"So, um, should I just come over on Thursday?"

We had sushi that year. He chilled out in his boxers for a few hours. We watched football. He fell asleep. Then he went home.

I haven't had turkey in years. I dated a vegetarian for eight Thanksgivings, and my brother has been pescetarian for the past few. Our sushi tradition is a bit more complex now. My brother and I spent the day trying to "win" at all-you-can-eat sushi — and by winning, I mean trying to beat the house. But no one wins at all-you-can-eat sushi. The best-case scenario is walking out with your dignity.

Almost every time we do this, I think about how we got here — how Thanksgivings turned into this. I think about how it started.

My mother moved to the US in the late '70s, right after high school. She came with her sister, brother, and parents, and they lived with Chun's brother, Tai, and his white family.

They were a long way from Seoul, where my mother grew up, and an even longer way from Pyongyang, where my grandparents grew up. When the Korean War started, my grandparents escaped to the South on freezing cold nights, when they had to huddle together with random strangers for warmth. On their journey, they lost one of my great-uncles, and they were so terrified they would never see him again that they posted signs everywhere telling him where he should meet them once he got to Seoul. Somehow it worked. But they also left behind extended family in North Korea — people who are now faint memories of past. My grandfather changed his name shortly after leaving Pyongyang because he was scared the North Koreans would punish the relatives who stayed behind if they found out he had escaped.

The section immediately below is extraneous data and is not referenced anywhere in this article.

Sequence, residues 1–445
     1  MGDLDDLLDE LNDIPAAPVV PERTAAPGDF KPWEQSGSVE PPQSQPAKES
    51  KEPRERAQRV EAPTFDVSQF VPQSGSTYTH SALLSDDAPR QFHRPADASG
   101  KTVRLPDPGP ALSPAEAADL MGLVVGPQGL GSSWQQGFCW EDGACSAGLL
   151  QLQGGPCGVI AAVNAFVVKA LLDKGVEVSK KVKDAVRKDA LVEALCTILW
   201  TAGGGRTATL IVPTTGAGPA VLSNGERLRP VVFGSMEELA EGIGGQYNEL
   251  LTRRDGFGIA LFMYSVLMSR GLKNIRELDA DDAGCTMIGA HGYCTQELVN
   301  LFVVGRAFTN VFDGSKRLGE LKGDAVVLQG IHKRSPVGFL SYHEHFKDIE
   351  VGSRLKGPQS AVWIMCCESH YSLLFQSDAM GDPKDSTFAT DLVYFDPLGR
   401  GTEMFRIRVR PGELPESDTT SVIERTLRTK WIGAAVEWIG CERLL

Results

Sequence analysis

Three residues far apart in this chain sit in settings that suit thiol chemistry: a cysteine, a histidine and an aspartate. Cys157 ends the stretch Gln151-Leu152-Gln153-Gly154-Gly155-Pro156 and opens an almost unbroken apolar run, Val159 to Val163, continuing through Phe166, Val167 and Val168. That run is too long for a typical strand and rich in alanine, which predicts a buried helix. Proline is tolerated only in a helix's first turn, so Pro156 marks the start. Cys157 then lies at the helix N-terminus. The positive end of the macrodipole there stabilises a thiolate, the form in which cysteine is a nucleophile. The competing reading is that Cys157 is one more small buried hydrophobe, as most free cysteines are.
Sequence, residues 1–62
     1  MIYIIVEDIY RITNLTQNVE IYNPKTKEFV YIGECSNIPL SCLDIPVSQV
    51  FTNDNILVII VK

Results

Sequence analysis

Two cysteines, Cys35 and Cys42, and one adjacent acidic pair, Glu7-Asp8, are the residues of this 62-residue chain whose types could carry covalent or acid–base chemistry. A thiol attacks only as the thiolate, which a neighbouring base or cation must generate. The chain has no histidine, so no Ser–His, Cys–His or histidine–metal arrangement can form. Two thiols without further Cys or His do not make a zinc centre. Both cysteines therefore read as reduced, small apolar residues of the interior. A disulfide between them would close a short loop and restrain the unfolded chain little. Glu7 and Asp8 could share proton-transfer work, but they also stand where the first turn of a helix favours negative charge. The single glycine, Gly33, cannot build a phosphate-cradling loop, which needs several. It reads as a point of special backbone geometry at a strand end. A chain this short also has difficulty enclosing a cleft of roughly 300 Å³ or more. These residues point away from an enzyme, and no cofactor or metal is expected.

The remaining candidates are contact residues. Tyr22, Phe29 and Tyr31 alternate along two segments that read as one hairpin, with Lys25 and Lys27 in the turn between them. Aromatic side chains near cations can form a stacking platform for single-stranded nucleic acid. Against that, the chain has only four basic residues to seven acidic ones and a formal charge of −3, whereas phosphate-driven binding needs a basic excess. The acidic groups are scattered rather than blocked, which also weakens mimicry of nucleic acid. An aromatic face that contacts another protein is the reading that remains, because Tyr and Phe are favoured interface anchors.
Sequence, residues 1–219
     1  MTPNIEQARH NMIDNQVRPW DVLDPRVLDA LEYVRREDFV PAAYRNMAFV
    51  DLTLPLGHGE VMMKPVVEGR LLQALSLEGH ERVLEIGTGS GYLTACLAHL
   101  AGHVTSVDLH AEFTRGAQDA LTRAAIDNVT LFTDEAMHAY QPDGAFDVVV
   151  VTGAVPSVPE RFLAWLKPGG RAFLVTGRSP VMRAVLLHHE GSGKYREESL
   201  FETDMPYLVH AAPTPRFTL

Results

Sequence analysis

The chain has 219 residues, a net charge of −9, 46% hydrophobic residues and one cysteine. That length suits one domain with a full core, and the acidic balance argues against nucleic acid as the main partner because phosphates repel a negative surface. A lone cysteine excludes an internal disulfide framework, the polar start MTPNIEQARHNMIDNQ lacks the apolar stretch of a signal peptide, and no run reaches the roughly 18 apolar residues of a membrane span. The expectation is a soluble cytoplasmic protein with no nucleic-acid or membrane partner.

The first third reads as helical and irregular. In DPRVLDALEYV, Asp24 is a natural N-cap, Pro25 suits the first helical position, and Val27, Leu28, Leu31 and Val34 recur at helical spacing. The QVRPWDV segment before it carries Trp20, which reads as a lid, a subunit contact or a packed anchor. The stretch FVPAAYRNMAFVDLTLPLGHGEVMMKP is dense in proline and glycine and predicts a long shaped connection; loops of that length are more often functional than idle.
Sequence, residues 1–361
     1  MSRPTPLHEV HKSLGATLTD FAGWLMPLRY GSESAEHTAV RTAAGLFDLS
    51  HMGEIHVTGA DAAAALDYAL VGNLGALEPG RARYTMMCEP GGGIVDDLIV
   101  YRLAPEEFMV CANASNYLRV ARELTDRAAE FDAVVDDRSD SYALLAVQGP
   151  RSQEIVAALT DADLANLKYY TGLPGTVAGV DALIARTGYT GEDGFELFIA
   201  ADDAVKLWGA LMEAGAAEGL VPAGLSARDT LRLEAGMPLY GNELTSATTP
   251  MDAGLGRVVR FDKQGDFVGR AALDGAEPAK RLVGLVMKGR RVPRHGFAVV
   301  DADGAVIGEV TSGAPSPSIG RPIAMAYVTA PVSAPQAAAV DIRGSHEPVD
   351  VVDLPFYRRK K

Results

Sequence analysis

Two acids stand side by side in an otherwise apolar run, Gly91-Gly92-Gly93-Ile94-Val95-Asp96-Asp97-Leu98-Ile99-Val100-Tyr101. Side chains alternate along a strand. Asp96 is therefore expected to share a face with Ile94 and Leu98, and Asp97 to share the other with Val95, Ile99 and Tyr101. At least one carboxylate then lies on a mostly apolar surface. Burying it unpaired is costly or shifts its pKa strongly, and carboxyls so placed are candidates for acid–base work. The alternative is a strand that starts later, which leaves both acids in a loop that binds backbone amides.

After that threading of the needle, my relatives were left with a new life, a stable life, together in the Midwest.

So spending Thanksgiving with each other was a given. When everyone had children, it made perfect sense to continue the traditions.

And that was the Thanksgiving into which I was born.

In that way, I thought we were no different from the white family down the street who had been celebrating together for the past 100 years, whose father would shoot a turkey and deep-fry it. I thought our celebration was permanent, too. I thought we'd come home to Kansas for Thanksgiving every year, no matter where we ended up.

Maybe Kansas was never really home in the way it was home for that white family.

I was born there, raised there. But the older folks moved there, survived there; they worked in factories, struggled through English 101, and woke up at 1 am yearning for dukboki in a state where you couldn't even get a hot dog after 10. They weren't invited to the block party. They had to thumb through Korean-English dictionaries to figure out how to get a driver's license. But they made it. Their kids spoke English without an accent. They could navigate a parent-teacher conference, but being in Kansas was utilitarian. They came for the family, stayed for their kids, and left when it was time. My parents moved on, as did many others.